The project include rehabilitation and construction works at the Rijeka port, construction of the western part of Rijeka bypass and connecting road to the port, rehabilitation of Krk bridge, rehabilitation of a section of the Zagreb-Macelj motorway, elimination of black spots, the purchase of port equipment and software for the Port of Rijeka Authority and the Luka Rijeka port operator, and redundancy payments and a social program for surplus Luka Rijeka workers. Technical Assistance aim at: preparing to privatize port terminal operations, preparing for urban redevelopment of a port area, assisting Croatian Motorways to obtain an ISO 9002 certification and satisfactory bond rating, assisting Croatian Roads to implement the pavement and bridge management systems and to enforce axle load regulations.

Zagreb Pier Container Terminal Project - cargo terminal is beeing built as part of the ongoing project and is to be completed by 2017. Upon the completion of the first stage of the project, the terminal's annual transloading capacity will be 400,000 containers, and after it is extended, the terminal will be able to handle 650,000 containers a year. It includes construction of 280 metre quay wall extension, reconstruction of the cargo section of the Rijeka railway station and construction of intermodal yard.
Source: ,

Krizevci-Koprivnica-Hungarian Border railway project includes modernisation and construction of a second 43.2 kilometre track of the Krizevci-Koprivnica-Hungarian Border railway line, for which EUR241.3 million in EU co-financing is earmarketed for the project. The railway route is part of Mediterranean corridor, one of the nine corridors of the Trans-European Transport Network (TEN-T).
The document preparation project is worth 5.3 million euros, of which 85% will be covered with EU funds. The project will be prepared over the next three years in cooperation with foreign partners, and work on the reconstruction of the existing track and construction of a new one is expected to begin in 2016.

Svilaj Bridge Project's Contract for construction of the Bridge Svilaj across the Sava River at Corridor Vc was signed on July 15, 2016. Bridge Svilaj across the Sava River shall be built at the Motorway A5, in Croatia, at Section from Sredanci to BiH border crossing and in Bosnia and Herzegovina at Section from Odžak to the border crossing of the Republic of Croatia. The planned completion period is two years starting from site installation and initiation into the works by the Contractors, companies Viadukt and Hering, which is envisaged to take place not later than the beginning of September this year. The value of works according to the Tender is EUR 22,308,022.34 exclusive of VAT, and Hrvatske ceste have applied for co-financing of a portion of the construction costs from EU Funds in ratio of 85 percent, the confirmation of which is expected during July.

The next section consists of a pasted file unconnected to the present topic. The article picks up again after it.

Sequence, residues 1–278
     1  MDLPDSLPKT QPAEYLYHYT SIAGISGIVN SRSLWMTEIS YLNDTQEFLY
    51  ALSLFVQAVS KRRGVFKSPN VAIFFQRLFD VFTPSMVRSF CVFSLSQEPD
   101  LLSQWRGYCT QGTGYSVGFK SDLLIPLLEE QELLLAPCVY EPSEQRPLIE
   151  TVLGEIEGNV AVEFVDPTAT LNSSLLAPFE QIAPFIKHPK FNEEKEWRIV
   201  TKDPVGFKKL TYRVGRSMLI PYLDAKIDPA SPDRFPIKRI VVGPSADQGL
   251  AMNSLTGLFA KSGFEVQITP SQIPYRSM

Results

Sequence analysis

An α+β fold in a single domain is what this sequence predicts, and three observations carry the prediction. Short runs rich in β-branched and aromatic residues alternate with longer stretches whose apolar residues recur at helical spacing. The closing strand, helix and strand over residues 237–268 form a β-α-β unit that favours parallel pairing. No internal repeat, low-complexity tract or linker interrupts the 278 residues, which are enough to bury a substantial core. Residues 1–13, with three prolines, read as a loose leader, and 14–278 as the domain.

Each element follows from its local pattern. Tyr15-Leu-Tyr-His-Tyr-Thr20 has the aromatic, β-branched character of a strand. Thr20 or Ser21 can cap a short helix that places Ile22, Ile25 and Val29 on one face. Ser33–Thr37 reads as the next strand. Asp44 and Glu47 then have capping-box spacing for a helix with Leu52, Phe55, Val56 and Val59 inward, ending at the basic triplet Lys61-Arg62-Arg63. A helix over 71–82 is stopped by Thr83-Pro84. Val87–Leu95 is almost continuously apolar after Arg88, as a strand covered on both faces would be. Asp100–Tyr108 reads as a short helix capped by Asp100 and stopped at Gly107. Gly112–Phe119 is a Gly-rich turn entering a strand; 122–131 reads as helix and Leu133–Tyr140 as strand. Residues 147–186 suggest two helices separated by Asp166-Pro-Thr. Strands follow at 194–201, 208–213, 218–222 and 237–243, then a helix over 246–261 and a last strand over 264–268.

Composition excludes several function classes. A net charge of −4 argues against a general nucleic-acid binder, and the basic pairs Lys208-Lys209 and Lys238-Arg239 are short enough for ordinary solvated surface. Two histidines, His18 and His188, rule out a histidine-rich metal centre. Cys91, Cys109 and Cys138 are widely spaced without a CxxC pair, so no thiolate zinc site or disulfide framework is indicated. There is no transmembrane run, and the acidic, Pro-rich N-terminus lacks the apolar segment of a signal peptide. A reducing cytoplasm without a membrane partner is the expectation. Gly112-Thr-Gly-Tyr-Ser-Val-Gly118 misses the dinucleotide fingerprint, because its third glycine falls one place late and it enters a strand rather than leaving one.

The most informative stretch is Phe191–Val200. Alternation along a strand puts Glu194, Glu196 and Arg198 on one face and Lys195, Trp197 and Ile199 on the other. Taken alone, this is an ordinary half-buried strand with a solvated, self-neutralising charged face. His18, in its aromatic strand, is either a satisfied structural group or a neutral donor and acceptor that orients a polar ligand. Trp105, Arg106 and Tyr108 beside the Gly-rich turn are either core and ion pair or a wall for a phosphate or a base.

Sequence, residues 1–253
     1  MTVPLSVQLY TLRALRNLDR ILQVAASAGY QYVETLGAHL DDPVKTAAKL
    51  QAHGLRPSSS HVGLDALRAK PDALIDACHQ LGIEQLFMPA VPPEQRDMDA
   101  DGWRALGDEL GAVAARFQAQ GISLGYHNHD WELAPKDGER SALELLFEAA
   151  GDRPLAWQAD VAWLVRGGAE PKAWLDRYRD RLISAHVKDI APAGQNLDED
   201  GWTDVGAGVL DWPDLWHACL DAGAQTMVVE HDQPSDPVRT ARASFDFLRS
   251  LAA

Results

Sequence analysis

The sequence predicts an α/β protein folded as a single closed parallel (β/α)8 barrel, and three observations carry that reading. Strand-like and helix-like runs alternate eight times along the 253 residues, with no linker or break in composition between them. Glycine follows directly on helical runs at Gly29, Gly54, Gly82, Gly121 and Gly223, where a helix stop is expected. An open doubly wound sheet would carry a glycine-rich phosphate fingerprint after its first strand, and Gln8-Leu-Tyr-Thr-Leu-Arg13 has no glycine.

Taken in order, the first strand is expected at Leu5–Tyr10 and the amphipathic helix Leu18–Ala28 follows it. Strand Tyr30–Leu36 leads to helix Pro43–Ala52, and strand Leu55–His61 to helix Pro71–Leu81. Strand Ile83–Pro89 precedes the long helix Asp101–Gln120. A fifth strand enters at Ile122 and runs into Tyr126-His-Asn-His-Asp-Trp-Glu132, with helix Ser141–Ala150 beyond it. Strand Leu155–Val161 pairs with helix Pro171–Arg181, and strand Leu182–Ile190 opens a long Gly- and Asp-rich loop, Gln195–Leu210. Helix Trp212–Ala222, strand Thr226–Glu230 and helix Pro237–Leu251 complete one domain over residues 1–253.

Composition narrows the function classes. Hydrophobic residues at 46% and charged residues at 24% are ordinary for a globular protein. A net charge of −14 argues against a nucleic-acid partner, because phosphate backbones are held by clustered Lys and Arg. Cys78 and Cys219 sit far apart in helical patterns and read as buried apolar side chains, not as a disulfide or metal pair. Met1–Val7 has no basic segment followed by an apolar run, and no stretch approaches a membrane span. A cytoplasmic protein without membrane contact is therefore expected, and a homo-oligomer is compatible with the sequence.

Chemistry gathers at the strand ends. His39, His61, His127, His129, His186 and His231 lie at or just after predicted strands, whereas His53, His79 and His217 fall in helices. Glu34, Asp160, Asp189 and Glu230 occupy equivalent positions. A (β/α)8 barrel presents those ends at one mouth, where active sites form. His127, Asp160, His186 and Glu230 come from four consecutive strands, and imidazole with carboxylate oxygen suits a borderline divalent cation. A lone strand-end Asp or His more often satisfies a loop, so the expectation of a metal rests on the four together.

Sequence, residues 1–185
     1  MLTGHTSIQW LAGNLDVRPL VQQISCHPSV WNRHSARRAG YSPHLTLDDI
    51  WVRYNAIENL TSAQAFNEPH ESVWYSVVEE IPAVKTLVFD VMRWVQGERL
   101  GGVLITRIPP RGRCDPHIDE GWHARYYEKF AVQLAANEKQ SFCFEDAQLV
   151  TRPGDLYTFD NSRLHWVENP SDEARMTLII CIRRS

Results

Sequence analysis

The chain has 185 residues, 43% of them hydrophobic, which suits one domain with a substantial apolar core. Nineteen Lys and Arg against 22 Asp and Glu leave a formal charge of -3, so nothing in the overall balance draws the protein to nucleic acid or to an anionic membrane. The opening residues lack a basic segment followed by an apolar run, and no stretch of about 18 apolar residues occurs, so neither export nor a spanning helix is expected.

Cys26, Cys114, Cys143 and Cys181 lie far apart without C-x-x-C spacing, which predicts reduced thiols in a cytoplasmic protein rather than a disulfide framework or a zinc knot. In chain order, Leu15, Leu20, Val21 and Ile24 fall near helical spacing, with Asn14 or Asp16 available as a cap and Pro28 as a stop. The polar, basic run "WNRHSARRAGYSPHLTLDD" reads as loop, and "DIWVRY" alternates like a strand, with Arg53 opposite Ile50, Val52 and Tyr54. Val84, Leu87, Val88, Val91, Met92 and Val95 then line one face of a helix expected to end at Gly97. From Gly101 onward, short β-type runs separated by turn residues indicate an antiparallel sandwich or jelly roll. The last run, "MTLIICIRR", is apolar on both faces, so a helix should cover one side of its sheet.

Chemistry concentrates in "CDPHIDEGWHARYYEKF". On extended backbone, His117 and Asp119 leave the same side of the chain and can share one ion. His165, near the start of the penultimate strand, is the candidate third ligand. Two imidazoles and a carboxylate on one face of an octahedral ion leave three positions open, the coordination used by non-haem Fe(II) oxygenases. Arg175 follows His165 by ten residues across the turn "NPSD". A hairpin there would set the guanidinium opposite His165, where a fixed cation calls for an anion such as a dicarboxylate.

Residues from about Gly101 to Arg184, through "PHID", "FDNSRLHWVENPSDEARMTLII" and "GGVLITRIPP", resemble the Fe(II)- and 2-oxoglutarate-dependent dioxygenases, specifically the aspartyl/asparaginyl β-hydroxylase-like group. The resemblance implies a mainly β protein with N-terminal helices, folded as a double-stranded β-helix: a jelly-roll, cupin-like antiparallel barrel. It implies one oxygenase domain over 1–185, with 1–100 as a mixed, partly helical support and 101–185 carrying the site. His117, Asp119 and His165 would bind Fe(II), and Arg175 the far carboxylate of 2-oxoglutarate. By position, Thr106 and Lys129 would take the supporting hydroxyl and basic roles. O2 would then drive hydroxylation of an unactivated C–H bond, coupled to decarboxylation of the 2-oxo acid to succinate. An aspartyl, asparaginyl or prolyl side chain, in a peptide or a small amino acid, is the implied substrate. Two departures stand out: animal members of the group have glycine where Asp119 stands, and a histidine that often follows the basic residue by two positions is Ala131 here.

Other transport projects:

  • CoRISMa cross border cooperation for data exchange

  • SESAR programme implementations

  • EAST-E development of of electric vehicle-related infrastructure

  • Crocodile II coordinated trafic management project.


Planned projects

A7 Highway (Rupa-Rijeka-Zuta Lokva); 56 kilometers long continuation (marked orange) to be built is split into three parts:

  • Krizisce-Novi Vinodolski (25,2km)

  • Novi Vinodolski-Senj (16,3km)

  • Senj-Zuta Lokva (15km).

Financing plans state construction will be financed via concession (public-private partnership). No begin date has been stated yet.